PimaLib_ChristineR May 19, 2017

While I felt that The Wrath & The Dawn was complete enough to stand on its own, it was wonderful to have this companion piece with a final conclusion. Ahdieh takes the typical teen trope: Good Girl must choose between the Nice Friend she's known forever and the New Bad Boy, and completely turns it on its head. It isn't that she discards the trope or the basic premise, it's that she makes it so much bigger than "which boy should I choose." We know from the start that Shazi has chosen Khalid, but now it's a question of how she can get back to him, protect her family and prevent a war. And we find out, that like real life, not everyone can get everything they want.

This has surprising moments of despair, and betrayal, that have lasting consequences, before we can get to happiness. As I said, in a lesser writer's hands, this could have been such a stereotype, but the writing is so fresh, descriptive and taught, that it kept me reading well into the night to see what would happen next. It's not every writer who could make you excited and surprised when a flying carpet, well, you know...flies.

Overall I was quite satisfied with this book, it had a compelling and gave a unique twist to the original story of One thousand and one nights. The pacing was a bit slow for me, since it's quite a big novel.
I personally liked characters like Shazi's younger sister and how the plot also focused more than just the two main characters. The new characters were mysterious and definitely added solid extra material. This book has decent romance, adventure and action. I really liked the ending too as it solidly wrapped up the story. There are also some really good elements of plot twist though out to keep the reader alert and engaged.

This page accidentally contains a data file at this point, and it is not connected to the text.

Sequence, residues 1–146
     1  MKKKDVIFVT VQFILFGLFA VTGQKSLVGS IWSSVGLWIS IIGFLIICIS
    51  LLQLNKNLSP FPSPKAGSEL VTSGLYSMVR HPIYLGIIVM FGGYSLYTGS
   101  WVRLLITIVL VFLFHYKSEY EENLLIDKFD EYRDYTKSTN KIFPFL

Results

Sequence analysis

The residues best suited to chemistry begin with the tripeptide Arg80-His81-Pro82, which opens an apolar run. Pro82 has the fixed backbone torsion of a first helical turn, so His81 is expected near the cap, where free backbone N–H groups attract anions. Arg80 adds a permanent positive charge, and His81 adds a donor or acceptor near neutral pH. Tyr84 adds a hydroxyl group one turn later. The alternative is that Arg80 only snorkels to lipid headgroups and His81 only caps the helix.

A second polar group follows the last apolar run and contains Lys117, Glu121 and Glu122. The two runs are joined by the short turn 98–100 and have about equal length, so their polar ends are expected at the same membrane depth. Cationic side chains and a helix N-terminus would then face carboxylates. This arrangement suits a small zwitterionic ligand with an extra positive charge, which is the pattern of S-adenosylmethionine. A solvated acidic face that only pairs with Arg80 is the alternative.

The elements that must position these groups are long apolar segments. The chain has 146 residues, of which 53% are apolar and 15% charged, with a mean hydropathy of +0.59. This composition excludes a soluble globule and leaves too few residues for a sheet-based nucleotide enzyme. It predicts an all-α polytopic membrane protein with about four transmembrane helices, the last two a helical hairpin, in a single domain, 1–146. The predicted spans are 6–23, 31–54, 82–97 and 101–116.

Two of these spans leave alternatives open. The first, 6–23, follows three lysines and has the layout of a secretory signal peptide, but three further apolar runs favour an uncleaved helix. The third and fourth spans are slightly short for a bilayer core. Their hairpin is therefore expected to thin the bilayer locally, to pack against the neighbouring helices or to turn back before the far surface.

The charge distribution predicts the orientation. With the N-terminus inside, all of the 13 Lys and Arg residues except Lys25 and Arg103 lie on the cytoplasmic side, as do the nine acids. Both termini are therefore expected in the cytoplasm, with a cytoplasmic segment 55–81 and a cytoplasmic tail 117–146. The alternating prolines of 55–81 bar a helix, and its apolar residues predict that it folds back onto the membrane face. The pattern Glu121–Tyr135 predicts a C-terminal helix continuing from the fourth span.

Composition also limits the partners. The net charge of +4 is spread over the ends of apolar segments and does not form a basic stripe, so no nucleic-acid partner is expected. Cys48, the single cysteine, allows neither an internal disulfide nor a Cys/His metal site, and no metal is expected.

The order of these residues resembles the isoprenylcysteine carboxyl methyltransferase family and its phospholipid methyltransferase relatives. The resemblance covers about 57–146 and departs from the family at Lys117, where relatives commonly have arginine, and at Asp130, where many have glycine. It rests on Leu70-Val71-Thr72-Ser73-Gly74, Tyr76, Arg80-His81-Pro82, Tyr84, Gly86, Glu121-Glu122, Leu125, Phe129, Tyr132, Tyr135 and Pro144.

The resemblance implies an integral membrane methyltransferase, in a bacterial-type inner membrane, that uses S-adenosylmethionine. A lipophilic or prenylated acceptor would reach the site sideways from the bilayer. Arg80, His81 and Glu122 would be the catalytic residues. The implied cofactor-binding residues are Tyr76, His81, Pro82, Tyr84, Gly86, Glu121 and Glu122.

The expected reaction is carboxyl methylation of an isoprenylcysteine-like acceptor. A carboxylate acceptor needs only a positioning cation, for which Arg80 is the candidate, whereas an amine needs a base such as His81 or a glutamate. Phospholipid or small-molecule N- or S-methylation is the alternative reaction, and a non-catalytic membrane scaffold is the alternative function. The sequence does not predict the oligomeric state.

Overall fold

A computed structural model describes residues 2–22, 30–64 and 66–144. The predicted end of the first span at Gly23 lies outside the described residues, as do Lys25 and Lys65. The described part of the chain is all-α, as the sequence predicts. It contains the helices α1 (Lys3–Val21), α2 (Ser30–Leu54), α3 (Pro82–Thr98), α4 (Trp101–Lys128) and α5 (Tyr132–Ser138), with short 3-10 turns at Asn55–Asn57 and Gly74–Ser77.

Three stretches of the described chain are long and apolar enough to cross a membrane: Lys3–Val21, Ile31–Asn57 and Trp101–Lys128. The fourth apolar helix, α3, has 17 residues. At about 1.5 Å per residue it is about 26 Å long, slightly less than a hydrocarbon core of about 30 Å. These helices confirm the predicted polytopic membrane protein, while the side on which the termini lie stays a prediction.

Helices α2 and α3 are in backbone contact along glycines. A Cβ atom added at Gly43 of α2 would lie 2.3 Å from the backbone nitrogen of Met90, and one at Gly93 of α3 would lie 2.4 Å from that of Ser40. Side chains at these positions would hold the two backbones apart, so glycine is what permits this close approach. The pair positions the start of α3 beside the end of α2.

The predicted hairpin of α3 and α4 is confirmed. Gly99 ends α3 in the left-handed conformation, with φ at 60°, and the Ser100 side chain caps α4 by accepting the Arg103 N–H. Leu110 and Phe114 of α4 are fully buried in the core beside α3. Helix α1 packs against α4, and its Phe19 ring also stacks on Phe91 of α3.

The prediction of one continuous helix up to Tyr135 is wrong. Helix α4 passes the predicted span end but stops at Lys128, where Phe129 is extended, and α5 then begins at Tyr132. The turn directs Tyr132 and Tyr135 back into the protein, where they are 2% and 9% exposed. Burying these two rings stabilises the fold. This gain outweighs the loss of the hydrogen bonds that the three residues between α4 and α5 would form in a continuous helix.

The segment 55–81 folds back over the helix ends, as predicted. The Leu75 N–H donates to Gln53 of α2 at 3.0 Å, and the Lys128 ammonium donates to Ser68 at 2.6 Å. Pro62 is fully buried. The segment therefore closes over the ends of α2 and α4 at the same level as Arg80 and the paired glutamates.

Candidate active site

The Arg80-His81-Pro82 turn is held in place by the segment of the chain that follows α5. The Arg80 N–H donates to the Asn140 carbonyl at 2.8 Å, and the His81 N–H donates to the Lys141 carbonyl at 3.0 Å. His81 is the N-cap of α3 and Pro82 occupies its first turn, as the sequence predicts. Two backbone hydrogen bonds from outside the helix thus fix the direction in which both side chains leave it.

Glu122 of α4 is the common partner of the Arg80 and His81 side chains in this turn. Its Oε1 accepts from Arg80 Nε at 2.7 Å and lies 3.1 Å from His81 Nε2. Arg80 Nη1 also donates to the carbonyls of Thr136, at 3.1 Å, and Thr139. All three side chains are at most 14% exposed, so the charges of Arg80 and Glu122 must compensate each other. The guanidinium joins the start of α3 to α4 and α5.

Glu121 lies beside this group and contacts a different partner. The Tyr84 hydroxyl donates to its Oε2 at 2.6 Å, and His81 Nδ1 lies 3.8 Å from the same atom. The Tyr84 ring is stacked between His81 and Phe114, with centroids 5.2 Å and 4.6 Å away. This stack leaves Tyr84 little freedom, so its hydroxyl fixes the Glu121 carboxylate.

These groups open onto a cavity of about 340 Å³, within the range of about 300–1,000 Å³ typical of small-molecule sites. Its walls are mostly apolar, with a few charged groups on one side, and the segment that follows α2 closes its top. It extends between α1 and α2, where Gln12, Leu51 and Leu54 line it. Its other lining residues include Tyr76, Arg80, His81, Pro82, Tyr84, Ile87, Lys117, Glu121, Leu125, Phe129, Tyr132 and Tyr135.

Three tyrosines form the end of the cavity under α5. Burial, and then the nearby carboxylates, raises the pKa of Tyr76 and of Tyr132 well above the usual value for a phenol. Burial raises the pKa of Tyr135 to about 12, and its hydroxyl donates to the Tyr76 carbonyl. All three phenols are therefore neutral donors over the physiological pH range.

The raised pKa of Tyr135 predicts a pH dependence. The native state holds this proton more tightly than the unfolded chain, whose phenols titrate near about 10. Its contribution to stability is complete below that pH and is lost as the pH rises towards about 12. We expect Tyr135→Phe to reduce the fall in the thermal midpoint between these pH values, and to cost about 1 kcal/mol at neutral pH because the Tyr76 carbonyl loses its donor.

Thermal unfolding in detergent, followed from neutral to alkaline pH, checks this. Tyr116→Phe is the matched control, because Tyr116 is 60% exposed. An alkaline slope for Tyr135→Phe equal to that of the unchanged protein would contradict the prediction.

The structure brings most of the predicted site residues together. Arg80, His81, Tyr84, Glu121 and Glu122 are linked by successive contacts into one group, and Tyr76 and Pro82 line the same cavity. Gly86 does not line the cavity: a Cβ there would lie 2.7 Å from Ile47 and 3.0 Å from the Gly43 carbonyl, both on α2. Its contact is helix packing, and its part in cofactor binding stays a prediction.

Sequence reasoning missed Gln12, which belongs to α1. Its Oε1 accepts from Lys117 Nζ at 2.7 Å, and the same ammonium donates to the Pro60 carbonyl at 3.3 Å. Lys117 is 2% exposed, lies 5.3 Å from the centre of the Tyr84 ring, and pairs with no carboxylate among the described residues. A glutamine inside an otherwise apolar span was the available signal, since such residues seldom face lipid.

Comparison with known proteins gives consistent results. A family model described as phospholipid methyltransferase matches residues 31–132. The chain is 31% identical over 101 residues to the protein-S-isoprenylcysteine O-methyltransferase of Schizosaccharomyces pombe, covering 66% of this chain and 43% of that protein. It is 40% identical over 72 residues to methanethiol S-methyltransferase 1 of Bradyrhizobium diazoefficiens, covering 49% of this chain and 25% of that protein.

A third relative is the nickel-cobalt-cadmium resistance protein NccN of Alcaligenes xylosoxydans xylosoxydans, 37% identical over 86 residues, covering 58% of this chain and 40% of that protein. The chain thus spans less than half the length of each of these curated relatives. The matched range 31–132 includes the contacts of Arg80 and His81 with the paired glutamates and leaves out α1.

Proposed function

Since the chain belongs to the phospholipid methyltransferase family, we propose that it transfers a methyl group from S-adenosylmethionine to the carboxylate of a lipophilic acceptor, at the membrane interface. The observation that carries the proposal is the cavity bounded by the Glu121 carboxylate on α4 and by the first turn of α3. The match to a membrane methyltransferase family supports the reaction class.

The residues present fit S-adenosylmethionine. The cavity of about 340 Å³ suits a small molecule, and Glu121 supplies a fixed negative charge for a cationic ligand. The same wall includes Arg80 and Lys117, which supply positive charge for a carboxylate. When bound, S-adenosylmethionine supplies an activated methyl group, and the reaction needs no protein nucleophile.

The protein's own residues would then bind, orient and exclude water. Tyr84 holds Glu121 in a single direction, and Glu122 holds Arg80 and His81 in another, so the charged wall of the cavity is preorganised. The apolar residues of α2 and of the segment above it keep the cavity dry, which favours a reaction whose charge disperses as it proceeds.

I think that the book could honestly have some parts of it cut out and the story would have relatively stayed the same. There are still some unanswered questions too that need some explaining. And even though the epilogue was a nice finishing touch, I still hoped that there could be a bit more clarification for certain events for minor characters like Shazi's father and Tariq.
I rate this book as decent
- V.D

it was amazing,

overview: in a land that is on the brink of war, Shahrzad has been torn away from her husband Khalid the Caliph or Khorasan. her husband was cursed by a man. Shahrzad makes it her duty to break the curse and find her way back to her to her love again. but there are new threats at every corner.

what I liked: the writing was amazing, the plot line took twists and turns on every corner!

what I disliked: there was no glossary, some of the words used were not understandable.

this book is awesome for those who are into myths and legends. I personally am fascinated by that kind of stuff. this story is supposed to be about the one thousand and one nights. ( Arabian legend.) I also recommend reading the first book( the wrath and the dawn by Renee Ahdieh) first and then picking this one upon because then the story makes more sense.

I highly recommend this book! if you are into the myths and legends.

- Review from Fleetwood teen A.P.

AL_CATHERINE Dec 15, 2016

This is one of those rare but delightful examples of a sequel that is even better than the first book. Adieh writes fantasy beautifully! I loved the world, magic, and strong characters!

Jul 18, 2016

This sequel was even better than the first book, which is pleasantly surprising for a sequel. The characters shone in their fully glory, and if a great set of characters is not enough to entice you, there are also great action sequences and a few plot twists here and there. I'm incredibly glad the series ended on such a good note.